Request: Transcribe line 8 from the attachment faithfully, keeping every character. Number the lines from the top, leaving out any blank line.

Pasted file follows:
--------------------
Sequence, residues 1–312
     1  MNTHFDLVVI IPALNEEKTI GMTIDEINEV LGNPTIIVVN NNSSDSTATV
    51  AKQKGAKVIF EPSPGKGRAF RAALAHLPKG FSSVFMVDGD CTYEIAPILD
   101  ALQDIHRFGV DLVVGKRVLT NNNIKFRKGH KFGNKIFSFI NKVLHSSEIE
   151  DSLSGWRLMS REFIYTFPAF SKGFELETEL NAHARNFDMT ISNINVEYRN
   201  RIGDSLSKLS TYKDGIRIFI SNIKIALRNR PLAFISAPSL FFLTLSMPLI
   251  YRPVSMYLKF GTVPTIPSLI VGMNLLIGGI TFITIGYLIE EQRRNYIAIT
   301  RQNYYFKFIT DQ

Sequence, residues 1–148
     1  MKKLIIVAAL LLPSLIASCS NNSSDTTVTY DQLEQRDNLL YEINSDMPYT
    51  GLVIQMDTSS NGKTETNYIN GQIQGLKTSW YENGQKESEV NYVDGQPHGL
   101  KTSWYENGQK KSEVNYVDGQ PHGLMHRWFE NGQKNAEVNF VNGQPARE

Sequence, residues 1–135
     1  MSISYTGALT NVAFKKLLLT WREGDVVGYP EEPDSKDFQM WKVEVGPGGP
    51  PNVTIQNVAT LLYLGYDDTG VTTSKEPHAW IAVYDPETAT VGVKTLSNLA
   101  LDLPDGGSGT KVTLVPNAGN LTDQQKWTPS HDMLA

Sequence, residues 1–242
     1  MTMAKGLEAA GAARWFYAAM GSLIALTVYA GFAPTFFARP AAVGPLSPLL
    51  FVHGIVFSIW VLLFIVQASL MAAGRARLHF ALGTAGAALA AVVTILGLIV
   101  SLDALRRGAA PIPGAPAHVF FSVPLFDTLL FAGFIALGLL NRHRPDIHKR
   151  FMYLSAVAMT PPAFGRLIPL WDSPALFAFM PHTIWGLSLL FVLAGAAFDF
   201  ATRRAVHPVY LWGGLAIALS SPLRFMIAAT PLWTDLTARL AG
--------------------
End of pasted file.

   301  RQNYYFKFIT DQ